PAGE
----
Wednesday, October 10, 2012

Wednesday Wildlife


 

A caracara strikes a regal pose during a presentation by the "eagle lady" at Guadalupe River State Park on January 11, 2009.


Susan, on the other hand ...
 

Tuesday, October 9, 2012

Two-4-Tuesday


A River Runs Through It
















Views of the San Juan River while climbing the Honaker Trail on September 21.  The elevation gain from the river to the top is more than 1,200 feet.




















I guess you could say the scenery was pretty spectacular.

Note:  Click on any photo to enlarge.
    

Sunday, October 7, 2012

Sunday Sunlight




Sunrise on August 18, 2012, at Aragon Campsite on the Rio Chama.  Jon Carlson is one of the first to greet the morning sun.
  

Thursday, October 4, 2012

Three-4-Thursday


San Juan River - Not a Dodge Ram


Michael observes a desert bighorn sheep that had come down to the river to drink.  As with all of the other bighorn sheep we saw during our nine days on the San Juan River, this mature ram was on the Navajo Nation side of the river.  But it was the only bighorn we spotted which was not part of a family group.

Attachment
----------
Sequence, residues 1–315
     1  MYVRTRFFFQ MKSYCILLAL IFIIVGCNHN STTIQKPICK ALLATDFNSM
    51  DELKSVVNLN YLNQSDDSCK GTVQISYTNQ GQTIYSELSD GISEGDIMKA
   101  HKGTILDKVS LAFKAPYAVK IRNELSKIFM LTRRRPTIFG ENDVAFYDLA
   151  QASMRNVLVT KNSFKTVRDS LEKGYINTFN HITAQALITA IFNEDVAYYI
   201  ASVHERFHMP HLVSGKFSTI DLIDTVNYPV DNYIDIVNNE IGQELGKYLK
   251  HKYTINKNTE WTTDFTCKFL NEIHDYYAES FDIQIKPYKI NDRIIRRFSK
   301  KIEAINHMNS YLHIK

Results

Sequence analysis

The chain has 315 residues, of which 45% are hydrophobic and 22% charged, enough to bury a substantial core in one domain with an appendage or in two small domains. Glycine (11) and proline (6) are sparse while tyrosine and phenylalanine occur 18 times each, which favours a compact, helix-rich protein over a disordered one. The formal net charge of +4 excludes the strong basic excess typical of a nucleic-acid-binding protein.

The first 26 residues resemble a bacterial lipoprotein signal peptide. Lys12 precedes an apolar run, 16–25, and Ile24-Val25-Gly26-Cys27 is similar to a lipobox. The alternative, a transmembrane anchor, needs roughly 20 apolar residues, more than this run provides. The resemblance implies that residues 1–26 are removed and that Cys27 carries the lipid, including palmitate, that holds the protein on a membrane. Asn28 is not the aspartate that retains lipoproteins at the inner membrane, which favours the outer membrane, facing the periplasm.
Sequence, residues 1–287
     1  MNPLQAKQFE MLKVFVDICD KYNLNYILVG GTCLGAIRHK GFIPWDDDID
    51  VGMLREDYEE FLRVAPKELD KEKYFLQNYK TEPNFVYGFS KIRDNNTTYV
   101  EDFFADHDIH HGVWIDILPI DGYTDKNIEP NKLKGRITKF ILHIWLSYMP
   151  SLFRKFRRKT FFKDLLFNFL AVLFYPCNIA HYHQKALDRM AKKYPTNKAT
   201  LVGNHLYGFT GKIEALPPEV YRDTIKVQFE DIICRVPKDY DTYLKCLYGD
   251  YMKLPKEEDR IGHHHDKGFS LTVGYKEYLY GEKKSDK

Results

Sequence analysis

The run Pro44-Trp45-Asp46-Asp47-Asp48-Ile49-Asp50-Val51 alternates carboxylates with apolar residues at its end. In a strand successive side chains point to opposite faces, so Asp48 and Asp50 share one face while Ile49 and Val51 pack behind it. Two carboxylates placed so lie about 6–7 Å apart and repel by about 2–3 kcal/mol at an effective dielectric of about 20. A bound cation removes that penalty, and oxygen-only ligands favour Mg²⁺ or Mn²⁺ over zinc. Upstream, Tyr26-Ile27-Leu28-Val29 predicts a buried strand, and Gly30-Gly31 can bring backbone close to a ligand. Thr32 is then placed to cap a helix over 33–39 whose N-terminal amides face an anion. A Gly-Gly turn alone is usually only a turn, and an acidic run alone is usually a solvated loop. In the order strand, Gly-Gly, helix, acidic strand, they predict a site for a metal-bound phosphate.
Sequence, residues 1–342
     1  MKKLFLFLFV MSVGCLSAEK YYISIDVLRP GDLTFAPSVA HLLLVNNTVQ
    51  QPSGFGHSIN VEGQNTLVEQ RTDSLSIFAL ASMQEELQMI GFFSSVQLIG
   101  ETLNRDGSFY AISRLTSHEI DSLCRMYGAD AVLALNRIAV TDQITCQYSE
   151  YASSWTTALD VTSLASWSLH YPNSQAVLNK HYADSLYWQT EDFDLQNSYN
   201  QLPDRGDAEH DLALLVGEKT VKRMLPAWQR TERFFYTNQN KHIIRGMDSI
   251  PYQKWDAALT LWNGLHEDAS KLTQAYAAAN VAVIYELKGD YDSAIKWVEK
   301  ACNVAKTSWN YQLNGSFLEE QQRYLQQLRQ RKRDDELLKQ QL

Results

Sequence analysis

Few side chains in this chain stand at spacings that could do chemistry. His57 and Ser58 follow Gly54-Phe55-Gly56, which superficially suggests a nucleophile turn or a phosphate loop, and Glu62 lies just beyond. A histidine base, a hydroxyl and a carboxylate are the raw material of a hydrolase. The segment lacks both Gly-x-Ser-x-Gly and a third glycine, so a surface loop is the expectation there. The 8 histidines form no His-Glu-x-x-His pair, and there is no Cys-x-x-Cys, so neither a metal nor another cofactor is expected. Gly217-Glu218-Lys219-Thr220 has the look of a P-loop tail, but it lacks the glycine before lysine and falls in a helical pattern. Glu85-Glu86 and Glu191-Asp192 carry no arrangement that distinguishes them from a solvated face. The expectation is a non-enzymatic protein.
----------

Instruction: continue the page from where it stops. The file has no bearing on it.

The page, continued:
Note:  Click on any photo to enlarge.
















The ram was not particularly shy.





















In fact, he seemed to be posing for the photographer.

 

Tuesday, October 2, 2012

Two-4-Tuesday


San Juan River - This Old House

"River House" near Mile 5.9

Cliff dwelling high over Chinle Wash